Do people on your team multitask in meetings or focus on the person speaking?
The answer to that question will help you demonstrate how much your organization prioritizes consideration, one of the “7 Forms of Respect” in Julie Pham’s new book of that name.
Don’t worry, it’s not about setting the rules. Pham doesn’t offer advice on opening or closing laptops in meetings, for example. Instead, it provides a way to establish and communicate the priorities of different people, teams, and companies — defining organizational culture not in abstract concepts but in desired behavior.
That insight is key to understanding and benefiting from the new book by Pham, a Seattle-based entrepreneur, marketer, consultant, journalist, historian and former nonprofit executive. It’s called The 7 Forms of Respect: A Guide to Transforming Your Communication and Relationships at Work.
“One of the big misconceptions about the 7 forms of respect is that I tell people how to respect—that these are seven forms and you have to be respectful in all these different ways,” says Pham. Instead, she explains, “you’ll prioritize some and de-prioritize others, and you may find some to be disrespectful.”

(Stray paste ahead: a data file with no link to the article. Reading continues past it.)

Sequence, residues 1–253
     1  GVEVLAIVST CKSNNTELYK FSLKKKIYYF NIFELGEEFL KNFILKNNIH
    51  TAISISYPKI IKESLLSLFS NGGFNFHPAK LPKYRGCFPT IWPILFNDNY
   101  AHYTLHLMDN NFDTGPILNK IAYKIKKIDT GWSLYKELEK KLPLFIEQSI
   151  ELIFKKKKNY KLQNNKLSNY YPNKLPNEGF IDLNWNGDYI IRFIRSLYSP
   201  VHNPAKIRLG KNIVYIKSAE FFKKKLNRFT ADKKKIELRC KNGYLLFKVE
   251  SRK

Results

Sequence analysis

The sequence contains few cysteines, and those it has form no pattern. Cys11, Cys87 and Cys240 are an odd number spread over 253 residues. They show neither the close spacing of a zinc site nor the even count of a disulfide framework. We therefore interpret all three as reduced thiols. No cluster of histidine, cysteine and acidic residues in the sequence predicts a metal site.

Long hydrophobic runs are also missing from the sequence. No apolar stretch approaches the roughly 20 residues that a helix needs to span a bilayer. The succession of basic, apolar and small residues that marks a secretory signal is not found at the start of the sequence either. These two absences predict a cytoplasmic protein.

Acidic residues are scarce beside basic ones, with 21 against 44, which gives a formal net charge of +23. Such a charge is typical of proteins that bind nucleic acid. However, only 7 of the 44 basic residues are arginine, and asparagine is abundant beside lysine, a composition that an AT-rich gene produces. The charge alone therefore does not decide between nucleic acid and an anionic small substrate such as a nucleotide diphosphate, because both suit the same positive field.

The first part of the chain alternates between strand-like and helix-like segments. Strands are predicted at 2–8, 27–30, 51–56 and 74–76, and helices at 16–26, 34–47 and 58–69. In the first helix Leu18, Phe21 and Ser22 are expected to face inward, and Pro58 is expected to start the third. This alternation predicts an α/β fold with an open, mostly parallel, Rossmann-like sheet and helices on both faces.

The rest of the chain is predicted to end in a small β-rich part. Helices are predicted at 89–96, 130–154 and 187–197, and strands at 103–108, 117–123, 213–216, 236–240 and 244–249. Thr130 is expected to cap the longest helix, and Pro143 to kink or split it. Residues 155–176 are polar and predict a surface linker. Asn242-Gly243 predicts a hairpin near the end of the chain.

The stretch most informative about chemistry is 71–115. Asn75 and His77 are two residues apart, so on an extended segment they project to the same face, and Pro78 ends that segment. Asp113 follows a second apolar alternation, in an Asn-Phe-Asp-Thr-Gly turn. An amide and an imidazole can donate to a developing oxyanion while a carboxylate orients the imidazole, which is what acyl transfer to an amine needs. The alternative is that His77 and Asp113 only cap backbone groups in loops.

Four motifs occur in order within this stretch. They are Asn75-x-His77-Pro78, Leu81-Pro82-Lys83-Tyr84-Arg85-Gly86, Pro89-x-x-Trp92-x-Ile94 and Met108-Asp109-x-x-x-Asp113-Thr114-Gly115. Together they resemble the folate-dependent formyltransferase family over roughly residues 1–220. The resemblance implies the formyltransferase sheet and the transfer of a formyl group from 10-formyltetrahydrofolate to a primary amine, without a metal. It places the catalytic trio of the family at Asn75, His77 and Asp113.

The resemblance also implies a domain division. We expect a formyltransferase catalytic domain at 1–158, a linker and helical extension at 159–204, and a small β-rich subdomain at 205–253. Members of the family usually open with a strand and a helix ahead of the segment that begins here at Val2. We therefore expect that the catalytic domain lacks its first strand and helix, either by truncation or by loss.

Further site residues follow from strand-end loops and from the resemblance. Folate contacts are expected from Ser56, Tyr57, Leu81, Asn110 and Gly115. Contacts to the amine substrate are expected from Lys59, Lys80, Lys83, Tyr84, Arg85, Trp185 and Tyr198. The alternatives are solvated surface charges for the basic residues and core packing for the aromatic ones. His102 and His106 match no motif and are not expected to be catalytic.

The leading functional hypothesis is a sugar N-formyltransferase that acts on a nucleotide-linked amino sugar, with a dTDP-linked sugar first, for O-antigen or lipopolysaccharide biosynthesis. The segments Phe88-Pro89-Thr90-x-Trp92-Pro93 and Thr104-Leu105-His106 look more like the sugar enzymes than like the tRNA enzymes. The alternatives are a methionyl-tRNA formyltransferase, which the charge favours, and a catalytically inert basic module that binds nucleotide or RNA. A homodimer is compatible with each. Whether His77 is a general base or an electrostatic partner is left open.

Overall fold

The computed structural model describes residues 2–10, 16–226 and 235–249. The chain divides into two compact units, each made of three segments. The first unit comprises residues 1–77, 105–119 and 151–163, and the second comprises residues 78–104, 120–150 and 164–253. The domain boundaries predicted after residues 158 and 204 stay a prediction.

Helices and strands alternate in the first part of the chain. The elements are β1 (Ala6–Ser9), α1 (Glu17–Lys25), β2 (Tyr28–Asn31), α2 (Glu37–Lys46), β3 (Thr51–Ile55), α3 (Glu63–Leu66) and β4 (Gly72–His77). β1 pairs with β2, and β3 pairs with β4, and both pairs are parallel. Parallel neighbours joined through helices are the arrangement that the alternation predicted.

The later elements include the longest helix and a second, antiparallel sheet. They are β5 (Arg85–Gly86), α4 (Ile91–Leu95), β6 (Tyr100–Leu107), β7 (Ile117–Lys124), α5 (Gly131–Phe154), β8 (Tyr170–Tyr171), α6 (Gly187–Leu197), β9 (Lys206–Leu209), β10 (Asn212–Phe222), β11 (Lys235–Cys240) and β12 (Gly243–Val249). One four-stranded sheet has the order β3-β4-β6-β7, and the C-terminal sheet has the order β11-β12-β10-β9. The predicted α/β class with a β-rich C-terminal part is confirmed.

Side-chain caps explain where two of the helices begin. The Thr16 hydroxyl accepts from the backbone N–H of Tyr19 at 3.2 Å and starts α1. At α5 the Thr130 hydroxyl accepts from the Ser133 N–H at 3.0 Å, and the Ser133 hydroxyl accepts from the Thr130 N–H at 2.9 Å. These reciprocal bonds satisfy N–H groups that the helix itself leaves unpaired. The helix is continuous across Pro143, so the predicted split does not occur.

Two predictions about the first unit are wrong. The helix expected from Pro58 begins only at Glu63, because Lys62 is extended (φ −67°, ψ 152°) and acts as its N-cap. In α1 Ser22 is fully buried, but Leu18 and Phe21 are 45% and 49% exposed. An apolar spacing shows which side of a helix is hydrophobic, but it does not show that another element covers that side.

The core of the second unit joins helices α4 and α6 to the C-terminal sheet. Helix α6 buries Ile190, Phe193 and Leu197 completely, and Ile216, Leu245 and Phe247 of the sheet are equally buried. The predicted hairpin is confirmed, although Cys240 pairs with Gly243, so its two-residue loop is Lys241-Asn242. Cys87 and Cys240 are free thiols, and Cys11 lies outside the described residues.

As defined by Pham, the “7 forms of respect” are: procedure, accuracy, information, honesty, appreciation, recognition and attention.
For example, in an accounting team, procedure may be the most important form of respect. In an engineering team, it can be honesty. The idea is to communicate and understand what is most important to different people and teams.
“People say, ‘Oh, I don’t like the company culture,'” she says. “Part of that is because they haven’t really articulated what the company culture is. … Often, when people describe company culture, they use these big vision words, like, we are innovativewe’re forward-looking. But they don’t use manners words.”
Prioritizing desired behavior is especially important for morale in times of great change, such as now, Pham says. “Then it’s clear to people: ‘Should I stay here? … Is this the right place for me? … Should I join this company?”
Pham, who holds a doctorate in history from Cambridge University, is known to many in Seattle tech for her past work as vice president of community engagement at the Washington Technology Industry Association. Her experience also includes running a Vietnamese-language family newspaper, Northwest Vietnam newsin Seattle.
In this episode of the GeekWire Podcast, Pham discusses the practical applications and benefits of the “7 Forms of Respect” with GeekWire co-founder John Cook.
Listen above or subscribe to GeekWire on Apple Podcasts, Google Podcasts, Spotify, or wherever you listen.
Audio editing and production by Curt Milton.